1. Oral creatine supplementation has been shown to increase muscle creatine and phosphocreatine concentrations with consequent benefits on performance during short-term maximal exercise. However, recently there have been anecdotal reports that creatine supplementation can also influence the pattern of substrate utilization and improve performance during more prolonged, submaximal exercise, which, based on recent experimental evidence, may have some scientific justification.
2. Eight men performed a continuous incremental exercise test running at 10 km/h on a motorized treadmill at predetermined workloads from 50% to 90% of maximal oxygen uptake, before and after 5 days of creatine supplementation (4 × 5 g daily). Exercise was performed for 6 min at each workload to achieve a steady state, and respiratory gas exchange and blood lactate concentrations were measured during the last 30s at each workload. Measurements were also made at 5-min intervals for the first 15 min of recovery.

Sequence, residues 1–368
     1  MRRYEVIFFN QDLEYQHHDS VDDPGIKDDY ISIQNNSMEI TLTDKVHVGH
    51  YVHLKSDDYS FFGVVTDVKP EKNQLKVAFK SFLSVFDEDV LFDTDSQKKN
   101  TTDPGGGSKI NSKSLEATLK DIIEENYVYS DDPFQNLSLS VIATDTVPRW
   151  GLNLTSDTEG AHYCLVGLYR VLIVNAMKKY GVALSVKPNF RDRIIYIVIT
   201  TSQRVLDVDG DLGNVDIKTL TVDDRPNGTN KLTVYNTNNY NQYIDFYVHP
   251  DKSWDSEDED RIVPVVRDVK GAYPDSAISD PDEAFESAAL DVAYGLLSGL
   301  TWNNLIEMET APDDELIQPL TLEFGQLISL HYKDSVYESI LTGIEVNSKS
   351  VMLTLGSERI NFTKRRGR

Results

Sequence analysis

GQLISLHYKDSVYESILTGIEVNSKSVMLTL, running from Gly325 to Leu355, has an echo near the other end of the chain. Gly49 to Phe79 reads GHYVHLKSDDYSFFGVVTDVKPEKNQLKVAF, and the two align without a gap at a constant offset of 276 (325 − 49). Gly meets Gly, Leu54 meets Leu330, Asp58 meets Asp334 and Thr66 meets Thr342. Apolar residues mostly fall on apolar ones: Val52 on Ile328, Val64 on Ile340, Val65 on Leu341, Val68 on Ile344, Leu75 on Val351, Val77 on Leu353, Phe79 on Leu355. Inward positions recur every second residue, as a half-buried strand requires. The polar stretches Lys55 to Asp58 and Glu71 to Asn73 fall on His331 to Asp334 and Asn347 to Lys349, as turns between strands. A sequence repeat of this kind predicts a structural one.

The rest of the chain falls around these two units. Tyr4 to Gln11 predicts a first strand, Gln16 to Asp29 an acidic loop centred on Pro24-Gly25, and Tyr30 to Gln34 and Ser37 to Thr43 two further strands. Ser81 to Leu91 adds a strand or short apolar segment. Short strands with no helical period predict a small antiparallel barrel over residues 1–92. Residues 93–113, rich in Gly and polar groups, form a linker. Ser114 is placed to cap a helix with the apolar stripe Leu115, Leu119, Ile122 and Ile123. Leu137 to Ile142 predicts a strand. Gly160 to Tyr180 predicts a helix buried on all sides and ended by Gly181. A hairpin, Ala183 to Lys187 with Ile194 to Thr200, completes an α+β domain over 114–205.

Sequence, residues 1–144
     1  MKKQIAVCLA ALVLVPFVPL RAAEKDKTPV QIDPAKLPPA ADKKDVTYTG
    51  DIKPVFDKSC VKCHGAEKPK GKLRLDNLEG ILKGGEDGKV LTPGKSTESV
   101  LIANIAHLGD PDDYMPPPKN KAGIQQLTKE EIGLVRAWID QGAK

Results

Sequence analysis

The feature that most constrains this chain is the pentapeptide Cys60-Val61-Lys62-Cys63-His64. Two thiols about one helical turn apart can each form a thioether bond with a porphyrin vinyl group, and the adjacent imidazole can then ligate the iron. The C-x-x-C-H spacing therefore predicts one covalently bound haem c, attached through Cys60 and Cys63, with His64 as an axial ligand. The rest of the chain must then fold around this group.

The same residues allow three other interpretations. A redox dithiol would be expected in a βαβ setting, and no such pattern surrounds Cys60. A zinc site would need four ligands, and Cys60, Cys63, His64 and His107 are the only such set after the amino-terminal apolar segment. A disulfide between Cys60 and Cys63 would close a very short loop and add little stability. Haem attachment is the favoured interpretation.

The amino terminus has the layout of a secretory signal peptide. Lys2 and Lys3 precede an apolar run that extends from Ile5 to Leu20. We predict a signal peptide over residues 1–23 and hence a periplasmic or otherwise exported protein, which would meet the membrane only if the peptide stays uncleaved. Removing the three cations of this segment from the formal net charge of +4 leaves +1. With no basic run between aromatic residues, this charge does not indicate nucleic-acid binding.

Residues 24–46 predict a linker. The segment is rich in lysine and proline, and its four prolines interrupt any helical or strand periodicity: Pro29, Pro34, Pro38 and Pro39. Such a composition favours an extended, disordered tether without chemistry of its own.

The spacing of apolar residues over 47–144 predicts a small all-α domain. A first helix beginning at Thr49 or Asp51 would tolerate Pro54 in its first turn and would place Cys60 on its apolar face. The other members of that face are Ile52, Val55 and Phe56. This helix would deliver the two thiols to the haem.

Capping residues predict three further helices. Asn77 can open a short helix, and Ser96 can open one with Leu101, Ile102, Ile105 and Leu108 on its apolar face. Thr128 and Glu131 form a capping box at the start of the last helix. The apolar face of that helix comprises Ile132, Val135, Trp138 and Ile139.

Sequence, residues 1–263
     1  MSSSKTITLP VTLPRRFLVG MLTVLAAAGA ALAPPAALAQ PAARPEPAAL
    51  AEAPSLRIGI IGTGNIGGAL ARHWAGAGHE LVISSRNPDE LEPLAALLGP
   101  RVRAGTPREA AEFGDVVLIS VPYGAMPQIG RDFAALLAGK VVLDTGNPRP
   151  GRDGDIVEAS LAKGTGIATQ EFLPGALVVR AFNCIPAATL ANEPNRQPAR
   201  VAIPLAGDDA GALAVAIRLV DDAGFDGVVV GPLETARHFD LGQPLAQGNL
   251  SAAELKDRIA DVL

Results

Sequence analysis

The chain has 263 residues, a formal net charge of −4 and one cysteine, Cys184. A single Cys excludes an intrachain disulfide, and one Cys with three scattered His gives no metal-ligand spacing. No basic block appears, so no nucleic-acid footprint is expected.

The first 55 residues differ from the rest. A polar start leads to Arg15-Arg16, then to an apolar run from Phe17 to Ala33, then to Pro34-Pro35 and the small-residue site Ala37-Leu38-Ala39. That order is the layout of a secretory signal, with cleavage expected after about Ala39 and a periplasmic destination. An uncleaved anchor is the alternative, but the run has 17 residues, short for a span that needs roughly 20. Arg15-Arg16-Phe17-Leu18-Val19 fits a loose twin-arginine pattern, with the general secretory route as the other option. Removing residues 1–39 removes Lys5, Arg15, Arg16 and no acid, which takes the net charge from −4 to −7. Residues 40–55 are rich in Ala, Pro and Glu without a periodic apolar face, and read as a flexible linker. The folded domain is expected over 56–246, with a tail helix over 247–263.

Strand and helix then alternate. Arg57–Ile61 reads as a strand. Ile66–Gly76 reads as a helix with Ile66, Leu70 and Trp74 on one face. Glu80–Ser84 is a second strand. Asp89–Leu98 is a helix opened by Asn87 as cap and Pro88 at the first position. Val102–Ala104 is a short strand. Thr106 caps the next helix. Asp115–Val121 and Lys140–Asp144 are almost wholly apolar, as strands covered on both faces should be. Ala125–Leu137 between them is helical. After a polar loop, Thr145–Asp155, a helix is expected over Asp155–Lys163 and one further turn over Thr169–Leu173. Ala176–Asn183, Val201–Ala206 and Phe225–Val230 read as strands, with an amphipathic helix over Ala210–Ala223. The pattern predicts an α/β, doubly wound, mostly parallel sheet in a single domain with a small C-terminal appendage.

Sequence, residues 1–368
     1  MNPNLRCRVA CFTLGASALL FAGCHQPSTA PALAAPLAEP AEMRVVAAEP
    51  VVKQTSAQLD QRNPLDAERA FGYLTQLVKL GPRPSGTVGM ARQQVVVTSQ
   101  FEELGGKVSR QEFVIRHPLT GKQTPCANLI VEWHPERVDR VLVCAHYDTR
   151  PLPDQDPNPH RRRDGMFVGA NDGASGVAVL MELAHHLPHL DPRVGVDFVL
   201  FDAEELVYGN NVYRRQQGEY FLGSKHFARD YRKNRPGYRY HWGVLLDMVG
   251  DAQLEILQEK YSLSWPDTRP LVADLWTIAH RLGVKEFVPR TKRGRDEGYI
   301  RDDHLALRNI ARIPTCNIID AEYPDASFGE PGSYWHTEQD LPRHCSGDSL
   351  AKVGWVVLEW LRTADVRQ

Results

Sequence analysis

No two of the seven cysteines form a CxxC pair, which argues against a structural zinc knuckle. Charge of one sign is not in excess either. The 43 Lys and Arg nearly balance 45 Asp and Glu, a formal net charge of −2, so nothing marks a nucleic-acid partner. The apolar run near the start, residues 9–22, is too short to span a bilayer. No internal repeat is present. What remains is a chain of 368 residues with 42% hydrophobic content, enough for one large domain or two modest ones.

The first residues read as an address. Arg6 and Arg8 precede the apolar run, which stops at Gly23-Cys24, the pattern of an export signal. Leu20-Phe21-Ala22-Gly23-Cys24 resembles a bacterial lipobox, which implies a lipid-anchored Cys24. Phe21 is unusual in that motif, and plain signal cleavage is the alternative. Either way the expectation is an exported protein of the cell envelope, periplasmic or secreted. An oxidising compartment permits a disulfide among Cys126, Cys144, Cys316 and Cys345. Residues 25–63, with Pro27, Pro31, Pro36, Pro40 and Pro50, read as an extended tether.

3. The results showed no measurable effect of creatine supplementation on respiratory gas exchange and blood lactate concentrations during either incremental submaximal exercise or recovery. This suggests that creatine supplementation does not influence substrate utilization during and after this type of exercise.